The recent Consumer Electronics Show had some of the most comprehensive health and safety measures ever provided by an event of its size. But CES' failure to report the number of Covid cases detected in Las Vegas is drawing criticism and raising an important question for planners about whether events have an obligation to report cases to the general public.
Early on in the pandemic, many saw the widespread availability of reliable Covid tests as a key factor in ending the pandemic. And as early as July 2020, event organizers were experimenting with using rapid antigen tests to screen attendees at the door. Now, almost two years into the pandemic, has that early promise been fulfilled?
CES 2022, an event that provided rapid testing kits to every single one of its roughly 40,000 attendees — with the option to retest if symptoms should arise — could be hailed as an example of how far we’ve come. Its testing program, however, has not escaped criticism. More specifically, some are calling for CTA (the Consumer Technology Association, the organization behind CES) to disclose the number of positive Covid cases detected through the event’s onsite testing. When approached for comment, CTA provided the following statement:
“We don’t have confirmation of the number of cases as it is extremely difficult to determine exactly when and where anyone contracted COVID-19. Results from testing done onsite by medical staff were reported to the local Southern Nevada Health Authorities.”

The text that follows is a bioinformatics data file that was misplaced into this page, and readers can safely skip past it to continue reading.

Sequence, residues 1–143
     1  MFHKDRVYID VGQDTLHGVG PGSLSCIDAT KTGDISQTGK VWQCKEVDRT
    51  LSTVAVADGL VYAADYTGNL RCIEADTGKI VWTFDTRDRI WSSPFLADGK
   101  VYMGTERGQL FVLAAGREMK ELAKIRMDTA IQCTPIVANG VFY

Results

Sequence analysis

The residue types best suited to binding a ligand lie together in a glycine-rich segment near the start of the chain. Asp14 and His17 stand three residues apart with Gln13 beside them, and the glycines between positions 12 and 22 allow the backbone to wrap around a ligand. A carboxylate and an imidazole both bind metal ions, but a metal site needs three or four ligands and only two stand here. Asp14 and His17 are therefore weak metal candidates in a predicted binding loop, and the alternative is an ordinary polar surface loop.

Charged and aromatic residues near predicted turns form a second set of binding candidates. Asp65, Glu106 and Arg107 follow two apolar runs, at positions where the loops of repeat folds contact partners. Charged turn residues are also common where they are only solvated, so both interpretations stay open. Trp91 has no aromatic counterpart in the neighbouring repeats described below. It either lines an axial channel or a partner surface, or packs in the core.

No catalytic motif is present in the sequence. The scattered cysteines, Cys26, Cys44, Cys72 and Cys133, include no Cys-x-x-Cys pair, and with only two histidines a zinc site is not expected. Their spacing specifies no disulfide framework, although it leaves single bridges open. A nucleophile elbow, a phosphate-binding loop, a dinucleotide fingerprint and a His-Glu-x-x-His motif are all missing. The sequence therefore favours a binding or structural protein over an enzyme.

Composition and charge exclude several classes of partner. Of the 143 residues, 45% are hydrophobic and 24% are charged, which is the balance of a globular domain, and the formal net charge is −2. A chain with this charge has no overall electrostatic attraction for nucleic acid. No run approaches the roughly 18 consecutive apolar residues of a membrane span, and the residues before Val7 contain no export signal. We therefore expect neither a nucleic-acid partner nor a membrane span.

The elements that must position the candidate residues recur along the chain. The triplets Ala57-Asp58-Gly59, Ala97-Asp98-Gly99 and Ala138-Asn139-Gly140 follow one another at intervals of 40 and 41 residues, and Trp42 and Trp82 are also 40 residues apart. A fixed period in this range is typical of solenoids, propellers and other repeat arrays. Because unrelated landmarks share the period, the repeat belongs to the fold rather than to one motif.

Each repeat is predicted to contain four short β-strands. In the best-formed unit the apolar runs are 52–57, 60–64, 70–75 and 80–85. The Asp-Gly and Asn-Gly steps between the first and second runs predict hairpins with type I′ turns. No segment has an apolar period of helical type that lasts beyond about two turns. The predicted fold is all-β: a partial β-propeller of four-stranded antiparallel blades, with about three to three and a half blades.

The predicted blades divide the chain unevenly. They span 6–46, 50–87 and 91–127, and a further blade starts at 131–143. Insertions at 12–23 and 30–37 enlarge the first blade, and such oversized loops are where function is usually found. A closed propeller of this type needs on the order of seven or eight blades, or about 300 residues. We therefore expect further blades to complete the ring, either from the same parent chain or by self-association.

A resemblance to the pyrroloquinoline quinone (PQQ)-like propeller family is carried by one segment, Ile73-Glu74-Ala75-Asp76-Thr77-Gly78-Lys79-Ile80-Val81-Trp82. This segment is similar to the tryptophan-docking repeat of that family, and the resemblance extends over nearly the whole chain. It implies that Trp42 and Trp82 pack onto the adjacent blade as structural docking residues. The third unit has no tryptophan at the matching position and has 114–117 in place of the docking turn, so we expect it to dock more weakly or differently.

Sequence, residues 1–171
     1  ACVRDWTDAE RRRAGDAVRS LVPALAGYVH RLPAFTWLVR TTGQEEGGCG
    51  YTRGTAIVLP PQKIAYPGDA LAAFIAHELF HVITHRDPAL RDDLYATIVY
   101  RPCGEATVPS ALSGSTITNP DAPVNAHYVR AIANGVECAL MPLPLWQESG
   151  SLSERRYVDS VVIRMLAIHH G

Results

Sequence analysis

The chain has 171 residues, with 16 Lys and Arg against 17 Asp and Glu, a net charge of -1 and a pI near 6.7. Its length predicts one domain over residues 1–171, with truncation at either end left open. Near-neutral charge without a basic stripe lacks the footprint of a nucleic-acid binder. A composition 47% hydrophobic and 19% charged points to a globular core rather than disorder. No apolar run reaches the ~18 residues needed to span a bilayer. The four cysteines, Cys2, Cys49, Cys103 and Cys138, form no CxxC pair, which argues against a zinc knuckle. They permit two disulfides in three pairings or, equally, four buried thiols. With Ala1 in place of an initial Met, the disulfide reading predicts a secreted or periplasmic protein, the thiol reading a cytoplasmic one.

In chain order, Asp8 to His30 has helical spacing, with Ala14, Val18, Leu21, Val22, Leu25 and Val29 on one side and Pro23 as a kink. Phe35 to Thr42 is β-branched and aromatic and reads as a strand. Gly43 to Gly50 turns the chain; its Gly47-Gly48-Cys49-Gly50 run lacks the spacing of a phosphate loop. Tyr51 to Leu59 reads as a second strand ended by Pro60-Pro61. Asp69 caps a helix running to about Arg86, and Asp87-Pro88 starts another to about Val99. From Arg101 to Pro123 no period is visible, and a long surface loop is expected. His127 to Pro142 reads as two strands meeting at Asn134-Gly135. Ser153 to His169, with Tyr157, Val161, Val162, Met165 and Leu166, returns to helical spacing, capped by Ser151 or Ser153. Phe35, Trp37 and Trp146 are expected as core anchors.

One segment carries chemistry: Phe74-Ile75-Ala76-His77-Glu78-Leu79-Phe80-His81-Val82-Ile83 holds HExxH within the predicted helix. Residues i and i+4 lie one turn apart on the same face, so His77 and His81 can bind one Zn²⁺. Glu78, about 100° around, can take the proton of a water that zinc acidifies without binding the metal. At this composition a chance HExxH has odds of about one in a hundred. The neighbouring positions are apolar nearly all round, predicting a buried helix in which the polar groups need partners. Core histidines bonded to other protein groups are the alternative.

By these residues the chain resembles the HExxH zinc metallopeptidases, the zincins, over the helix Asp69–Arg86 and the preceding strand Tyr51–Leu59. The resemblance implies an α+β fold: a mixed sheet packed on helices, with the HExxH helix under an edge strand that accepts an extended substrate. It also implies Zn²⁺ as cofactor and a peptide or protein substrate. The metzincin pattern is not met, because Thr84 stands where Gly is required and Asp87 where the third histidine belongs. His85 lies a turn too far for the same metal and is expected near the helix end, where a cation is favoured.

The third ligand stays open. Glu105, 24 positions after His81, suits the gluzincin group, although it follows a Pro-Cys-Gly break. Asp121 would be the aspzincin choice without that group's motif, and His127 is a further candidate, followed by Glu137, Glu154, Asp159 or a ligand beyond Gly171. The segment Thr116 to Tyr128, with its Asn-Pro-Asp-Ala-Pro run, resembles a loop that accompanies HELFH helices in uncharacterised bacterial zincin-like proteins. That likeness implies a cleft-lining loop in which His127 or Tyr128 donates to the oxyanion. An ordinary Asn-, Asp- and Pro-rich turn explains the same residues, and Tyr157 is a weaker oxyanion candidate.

While this statement is brief, it implies a great deal about the purpose and scope of onsite testing at events. Most notably, it shuts down the idea that onsite testing could provide insight into the probability of becoming infected at an in-person event. Just because an event’s testing program detects a case does not mean that the infection was contracted inside the event’s venues — even if the test is performed several days into the event.
A recent LinkedIn poll on this very topic indicated a strong desire from the 305 event professionals who responded. 93 percent voted in favor of transparency around Covid case numbers from event organizers.
The Rationale for Onsite Testing Has Shifted
While the data may not be perfect, some argue that the numbers could still provide a general ballpark idea of how much spread occurred at the event itself.
Adrian Segar, founder of Conferences That Work, believes that better transparency around Covid case numbers at events could help meeting planners understand the degree of risk involved:
“The crucial issue is that we all want to have the best information possible. If we hold an event with certain precautions, what’s the likelihood that cases will arise from that event? There’s no way we’re ever going to have a perfectly accurate answer, but we can get an idea. That’s really valuable for meeting professionals. And it’s also valuable for the public and our whole society to know that kind of information.”
– Adrian Segar, founder, Conferences That Work
To provide a clearer picture of how much the event itself can be held responsible for cases detected through its own testing, one strategy is to compare the attendees’ rates of infection on follow-up tests against the percentage of cases in the general public. This was, in fact, the approach that early “event experiments” in Barcelona took when trying to assess the safety of in-person events — and a series of other government-backed event programs across the globe followed similar models.